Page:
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Stories written by will.o.harris

Village Design Group waits for funding

   Last year at this time, the Ramona Village Design Group was in full
swing, meeting with consultant Howard Blackson and preparing for a
three-day design workshop that would produce plans to transform Main
Street and highlight Ramona’s town character.

   The ambitious conceptual plans from that workshop are now sitting,
and the design group members are struggling for ideas to stay active
until the group receives a major component: money.

Board reduces price on district-owned house

   With little buyers’ interest shown in a house owned by the Ramona
Municipal Water District, district directors agreed to reduce the asking
price from $455,000 to $375,000 and to list the property with Ramona
Realtor Sharon Quisenberry.

   The four-bedroom, 3,400-square-foot ranch at 15562 Vicente Meadows
Drive was on 8.5 acres of property the district purchased in January
2009 for the future construction of brine ponds for the San Vicente
Wastewater Treatment Plant. As funding was not readily available for the
brine ponds, the board agreed to have the lot split, sell two acres
with the house, and use the proceeds from the sale for the construction
of the brine ponds.

Regulations akin to thorn in district’s side

   Government agency regulations and requirements have become somewhat of a thorn in the Ramona Municipal Water District’s side.

   The RMWD is still battling the San Diego County Air Pollution Control
District (APCD) about a notice of violation regarding the district’s
portable generator at Hedy Lane and state Route 67.

   Now the California Emergency Management Agency wants a dam break
analysis for the proposed Santa Maria Wastewater Service Area’s wet
weather storage ponds.  The analysis would cost the district
approximately $31,000.

   “It’s another example of how environmental regulations are killing
us,” Director Darrell Beck said at the district’s July 13 board meeting.

Sheep help couple bring sustainability to winery

   As Dennis and Julie Grimes produce medal-winning wines, they have
also adopted measures to bring sustainability to their Eagles Nest
Winery.
   Although the Ramona residents both work full time—Dennis Grimes as a
program manager for the U.S. Department of the Navy and Julie Grimes as a
professor teaching Internet programming at Southwestern College—they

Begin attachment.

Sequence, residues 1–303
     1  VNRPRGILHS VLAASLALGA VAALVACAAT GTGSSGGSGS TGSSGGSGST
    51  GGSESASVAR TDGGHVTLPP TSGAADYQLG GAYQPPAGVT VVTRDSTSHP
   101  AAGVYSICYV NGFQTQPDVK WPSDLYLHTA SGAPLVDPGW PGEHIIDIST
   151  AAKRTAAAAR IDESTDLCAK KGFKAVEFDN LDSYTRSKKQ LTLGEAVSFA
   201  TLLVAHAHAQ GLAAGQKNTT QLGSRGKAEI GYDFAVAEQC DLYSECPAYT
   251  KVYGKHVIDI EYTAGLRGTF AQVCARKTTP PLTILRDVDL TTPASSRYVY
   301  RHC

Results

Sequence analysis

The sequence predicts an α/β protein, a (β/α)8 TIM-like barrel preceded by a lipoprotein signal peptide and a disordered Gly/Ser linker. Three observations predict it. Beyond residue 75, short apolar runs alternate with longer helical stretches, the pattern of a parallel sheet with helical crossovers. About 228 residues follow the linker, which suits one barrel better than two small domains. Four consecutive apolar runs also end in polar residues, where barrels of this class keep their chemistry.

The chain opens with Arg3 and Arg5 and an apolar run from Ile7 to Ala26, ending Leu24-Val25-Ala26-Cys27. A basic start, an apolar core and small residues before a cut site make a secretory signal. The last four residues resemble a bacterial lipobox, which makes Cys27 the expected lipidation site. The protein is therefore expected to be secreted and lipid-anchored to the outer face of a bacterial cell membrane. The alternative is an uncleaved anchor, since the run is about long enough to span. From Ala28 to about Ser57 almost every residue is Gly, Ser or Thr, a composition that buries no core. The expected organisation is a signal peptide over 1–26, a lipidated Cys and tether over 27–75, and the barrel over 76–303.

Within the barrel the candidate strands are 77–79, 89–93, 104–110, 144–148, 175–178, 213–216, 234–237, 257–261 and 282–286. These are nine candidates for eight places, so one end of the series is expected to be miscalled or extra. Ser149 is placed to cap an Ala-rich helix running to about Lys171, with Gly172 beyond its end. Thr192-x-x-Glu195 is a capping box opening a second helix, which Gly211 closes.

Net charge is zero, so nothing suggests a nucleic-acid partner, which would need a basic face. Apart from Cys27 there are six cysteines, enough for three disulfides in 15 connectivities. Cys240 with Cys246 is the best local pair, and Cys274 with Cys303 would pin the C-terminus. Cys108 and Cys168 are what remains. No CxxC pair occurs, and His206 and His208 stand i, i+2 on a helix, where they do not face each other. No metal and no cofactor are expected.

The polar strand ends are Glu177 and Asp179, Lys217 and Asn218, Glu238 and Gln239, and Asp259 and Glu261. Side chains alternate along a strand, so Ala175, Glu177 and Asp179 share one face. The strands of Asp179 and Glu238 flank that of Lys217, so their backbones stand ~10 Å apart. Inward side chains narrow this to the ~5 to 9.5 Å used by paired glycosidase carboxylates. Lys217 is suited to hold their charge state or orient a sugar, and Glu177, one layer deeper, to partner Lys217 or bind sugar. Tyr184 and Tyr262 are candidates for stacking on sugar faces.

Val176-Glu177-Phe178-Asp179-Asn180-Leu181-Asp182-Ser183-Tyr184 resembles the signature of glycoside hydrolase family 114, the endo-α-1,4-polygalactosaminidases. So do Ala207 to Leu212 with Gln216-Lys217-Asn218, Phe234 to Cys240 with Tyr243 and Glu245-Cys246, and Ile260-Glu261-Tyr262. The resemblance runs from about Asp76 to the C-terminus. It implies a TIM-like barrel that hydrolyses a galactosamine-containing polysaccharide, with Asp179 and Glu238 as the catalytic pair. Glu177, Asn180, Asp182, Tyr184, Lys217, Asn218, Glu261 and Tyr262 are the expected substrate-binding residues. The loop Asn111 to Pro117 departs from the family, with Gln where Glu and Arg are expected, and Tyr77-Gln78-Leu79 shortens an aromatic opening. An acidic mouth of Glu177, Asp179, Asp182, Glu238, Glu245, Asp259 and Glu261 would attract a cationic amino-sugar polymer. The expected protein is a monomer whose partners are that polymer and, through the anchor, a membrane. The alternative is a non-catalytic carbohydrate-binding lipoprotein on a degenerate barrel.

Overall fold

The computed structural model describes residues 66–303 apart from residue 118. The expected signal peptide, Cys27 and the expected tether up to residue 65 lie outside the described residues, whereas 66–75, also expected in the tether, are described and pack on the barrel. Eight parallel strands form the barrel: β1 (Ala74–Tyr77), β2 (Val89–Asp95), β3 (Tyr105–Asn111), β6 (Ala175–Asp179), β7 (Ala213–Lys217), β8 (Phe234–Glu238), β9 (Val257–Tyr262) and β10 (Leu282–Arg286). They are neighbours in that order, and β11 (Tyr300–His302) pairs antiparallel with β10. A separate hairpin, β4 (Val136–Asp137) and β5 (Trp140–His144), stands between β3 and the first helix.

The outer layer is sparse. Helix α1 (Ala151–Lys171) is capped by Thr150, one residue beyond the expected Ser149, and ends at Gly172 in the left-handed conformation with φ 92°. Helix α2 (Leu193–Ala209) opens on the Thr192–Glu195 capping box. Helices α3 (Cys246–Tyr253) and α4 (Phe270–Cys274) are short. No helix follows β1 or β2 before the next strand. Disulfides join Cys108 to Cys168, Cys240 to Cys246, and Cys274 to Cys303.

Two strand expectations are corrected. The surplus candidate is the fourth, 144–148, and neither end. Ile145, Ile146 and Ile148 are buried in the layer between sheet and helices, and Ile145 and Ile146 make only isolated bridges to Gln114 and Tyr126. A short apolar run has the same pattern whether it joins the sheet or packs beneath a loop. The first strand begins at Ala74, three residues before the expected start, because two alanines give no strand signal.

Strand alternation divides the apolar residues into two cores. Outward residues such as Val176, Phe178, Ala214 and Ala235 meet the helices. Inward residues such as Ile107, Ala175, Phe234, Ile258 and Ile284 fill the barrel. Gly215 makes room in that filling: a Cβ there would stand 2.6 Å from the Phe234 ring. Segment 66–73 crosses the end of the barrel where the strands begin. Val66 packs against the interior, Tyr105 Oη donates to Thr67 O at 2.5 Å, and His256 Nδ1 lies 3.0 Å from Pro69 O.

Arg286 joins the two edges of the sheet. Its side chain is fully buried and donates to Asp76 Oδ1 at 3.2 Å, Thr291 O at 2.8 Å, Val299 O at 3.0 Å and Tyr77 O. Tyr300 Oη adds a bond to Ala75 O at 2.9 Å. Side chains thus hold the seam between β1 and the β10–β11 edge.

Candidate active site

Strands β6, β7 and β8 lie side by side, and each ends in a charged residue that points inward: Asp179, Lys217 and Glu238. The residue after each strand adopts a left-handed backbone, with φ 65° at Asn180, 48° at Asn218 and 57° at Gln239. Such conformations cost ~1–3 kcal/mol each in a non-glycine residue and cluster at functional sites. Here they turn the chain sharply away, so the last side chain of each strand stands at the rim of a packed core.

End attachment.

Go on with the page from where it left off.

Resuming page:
keep abreast of the latest resources and tools in operating their
winery.
   One feature they added to their winery as part of their
sustainability program not only reduces labor and costs, but provides
amusement as well. Four sheep, all referred to as “Babydolls” because
they are Olde English Babydoll Southdown sheep, keep the grass cut and
the head-pruned vines trimmed.
   “They’re going around doing all my labor,” noted Julie. 

District reviews contracts, fees

 Ramona Municipal Water District (RMWD) directors approved an amended
agreement with the law firm that counsels the Ramona Municipal Water
District increases legal fees, includes a cost-of-living-adjustment
(COLA) provision, and eliminates a six-month review.
   “Historically our legal fees have been quite low for Ramona,” 
attorney Sophie Akins of Best, Best & Krieger LLP told the district
directors at their June 22 meeting. “For many years our rates remained
stagnant and as a result, as you noticed from our agenda memo, our
rates are significantly lower than what other water agencies are
charged by our law firm.”

Seasoned restaurateur to open mobile kitchen

   When Jim McWhorter bought the property at the corner of Third and
Main streets three years ago, he had dreams of opening a full-service
restaurant with outdoor dining, but unforeseen circumstances have
forced him to change direction—for now.
   “Everything that could go wrong went wrong when I bought the property,” McWhorter said.
   The native Ramonan at one time owned the former Old Telephone
Company Restaurant in Ramona. He purchased the property at Third and
Main Streets about six months after Di Giovanni’s Italian Ristorante
closed in 2007.
 

Residents want to keep density

   Residents of Kelly and Raymond avenues plan to attend San Diego
County Planning Commission’s hearing and Zoning Consistency Review on
July 9 to protest a proposed density increase in their area, which they
say routinely experiences flooding.